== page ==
We don’t want to add to the already overheated panic over Toyota’s (NYSE:TM) accelerator and braking problems, but should we expect an increase in recalls across the industry as cars get more complex and dependent on electronics and software?
On the heels of Toyota’s accelerator pedal recall and Prius braking issues, “In what could be deemed a broader problem with hybrid cars, Ford Motor Co. (NYSE:F) said on Thursday it would roll out a software patch for consumers to address similar problems with braking reported on its Ford Fusion and Mercury Milan models.” Ford’s action came after Consumer Reports said one of its test engineers had experienced what appeared to be a loss of braking power with a Fusion hybrid. Ford said it was aware of one minor accident related to the braking problem but no injuries.
It’s a reasonable assumption that problems with software and electronic systems will increase as cars become more complex, and they also may be more difficult to diagnose.
On the positive side, the fixes might end up being quicker and less expensive if they involve a software rather than hardware fix. Presumably when we plug in our electric cars of the future, we’ll also be able to download software updates or service packs that fix problems and improve performance.
Back to the here and now, as we noted earlier, Toyota’s problems are bad news for the industry as a whole. Analyst comments monitored by Alacra Pulse continue to be overwhelmingly negative. The fact that the exact causes of all the accelerator problems has not been definitively pinpointed is cause for concern, both on safety grounds and to the extent that it affects consumer confidence in Toyota fixing the problem. As the New York Times reports, there are still unexplained incidents, and it is a sure bet we are in for some more sensational, emotional TV and newspaper coverage that cause more damage to Toyota’s reputation.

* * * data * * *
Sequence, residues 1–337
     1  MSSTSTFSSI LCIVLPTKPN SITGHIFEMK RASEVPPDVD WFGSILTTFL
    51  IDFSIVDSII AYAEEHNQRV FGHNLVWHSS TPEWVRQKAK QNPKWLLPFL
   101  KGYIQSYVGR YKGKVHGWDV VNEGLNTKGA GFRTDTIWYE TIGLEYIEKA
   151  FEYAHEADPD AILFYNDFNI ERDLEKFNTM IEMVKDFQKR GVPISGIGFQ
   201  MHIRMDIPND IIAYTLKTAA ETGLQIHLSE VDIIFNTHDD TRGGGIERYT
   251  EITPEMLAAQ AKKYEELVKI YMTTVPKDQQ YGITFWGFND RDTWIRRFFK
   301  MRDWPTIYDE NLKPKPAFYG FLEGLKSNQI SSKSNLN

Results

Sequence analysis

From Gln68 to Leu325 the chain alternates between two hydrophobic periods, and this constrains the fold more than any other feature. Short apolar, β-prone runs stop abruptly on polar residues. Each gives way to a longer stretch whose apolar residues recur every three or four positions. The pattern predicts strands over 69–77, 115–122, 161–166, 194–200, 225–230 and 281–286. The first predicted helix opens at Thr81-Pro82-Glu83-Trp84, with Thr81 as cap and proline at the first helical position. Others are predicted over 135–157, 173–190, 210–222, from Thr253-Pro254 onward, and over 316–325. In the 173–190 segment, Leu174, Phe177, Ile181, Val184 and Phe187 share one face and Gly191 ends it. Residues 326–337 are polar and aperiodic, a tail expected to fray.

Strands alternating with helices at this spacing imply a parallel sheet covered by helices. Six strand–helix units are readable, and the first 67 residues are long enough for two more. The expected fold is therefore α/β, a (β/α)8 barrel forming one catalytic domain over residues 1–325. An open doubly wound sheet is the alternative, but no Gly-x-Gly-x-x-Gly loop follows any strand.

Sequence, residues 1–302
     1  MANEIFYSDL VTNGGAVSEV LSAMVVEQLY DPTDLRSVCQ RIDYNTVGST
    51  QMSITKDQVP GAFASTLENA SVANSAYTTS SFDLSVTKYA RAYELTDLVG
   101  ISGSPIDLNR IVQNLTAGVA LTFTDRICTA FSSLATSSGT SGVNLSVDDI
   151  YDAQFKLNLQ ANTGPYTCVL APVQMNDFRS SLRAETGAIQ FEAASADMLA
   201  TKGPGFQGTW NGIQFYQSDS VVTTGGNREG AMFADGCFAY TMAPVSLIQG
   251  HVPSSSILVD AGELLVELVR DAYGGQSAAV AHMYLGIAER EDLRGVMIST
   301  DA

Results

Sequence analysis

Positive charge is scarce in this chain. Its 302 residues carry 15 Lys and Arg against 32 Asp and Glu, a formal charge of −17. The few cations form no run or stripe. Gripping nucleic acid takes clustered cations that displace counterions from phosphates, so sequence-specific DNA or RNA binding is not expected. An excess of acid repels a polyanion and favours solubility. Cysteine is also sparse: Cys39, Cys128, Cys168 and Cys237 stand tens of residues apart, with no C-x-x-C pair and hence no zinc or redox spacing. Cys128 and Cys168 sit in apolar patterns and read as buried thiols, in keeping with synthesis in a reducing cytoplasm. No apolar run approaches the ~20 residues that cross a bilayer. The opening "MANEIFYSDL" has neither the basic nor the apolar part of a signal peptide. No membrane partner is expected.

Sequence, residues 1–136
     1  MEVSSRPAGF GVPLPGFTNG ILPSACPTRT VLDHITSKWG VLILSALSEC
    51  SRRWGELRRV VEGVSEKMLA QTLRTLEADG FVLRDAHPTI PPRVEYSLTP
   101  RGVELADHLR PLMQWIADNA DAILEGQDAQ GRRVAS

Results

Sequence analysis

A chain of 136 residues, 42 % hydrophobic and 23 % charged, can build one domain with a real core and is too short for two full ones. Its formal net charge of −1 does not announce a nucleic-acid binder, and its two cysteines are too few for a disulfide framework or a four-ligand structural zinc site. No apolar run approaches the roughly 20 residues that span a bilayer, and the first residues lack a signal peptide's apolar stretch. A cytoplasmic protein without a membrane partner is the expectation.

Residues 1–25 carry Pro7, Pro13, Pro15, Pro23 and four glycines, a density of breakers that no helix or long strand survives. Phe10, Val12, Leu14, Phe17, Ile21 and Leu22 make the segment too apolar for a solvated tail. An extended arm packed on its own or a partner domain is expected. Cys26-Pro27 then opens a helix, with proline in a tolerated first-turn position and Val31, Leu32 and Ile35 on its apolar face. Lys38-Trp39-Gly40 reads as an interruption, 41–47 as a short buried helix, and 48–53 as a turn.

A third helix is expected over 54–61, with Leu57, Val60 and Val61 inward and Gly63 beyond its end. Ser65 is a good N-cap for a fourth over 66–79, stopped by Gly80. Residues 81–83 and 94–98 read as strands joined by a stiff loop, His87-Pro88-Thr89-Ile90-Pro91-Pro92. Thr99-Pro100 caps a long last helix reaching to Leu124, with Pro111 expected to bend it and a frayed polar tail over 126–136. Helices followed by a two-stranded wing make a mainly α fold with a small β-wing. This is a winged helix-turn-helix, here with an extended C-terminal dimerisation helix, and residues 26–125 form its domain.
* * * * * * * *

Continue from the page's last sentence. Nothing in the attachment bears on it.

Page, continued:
Tragic though they are, it’s ironic that the number of incidents and accidents is but a fraction of the fatalities and injuries caused by, for example, cellphone use in those same vehicles. Certainly these are important safety issues and Toyota should be held accountable for any shortcomings on its part. If only we could demand the same level of accountability from distracted drivers.
Michael Karesh of TrueDelta argues that contrary to popular perception, when it comes handling recalls, Toyota behaves no differently than GM, Ford, Chrysler, Nissan, or VW and “has not in recent memory been more trustworthy than these companies. But apparently many people felt they were more trustworthy anyway. This illusion is now, in many cases, gone.”
But there is a silver lining: as pointed out by the FT’s Philip Stephens, now is a great time to buy a Toyota as the odds of a problem are still slim and you should be able to get a good deal at your local dealer. Still, it seems likely that the risk-taking bargain hunters will be outnumbered by cautious consumers who will shop elsewhere.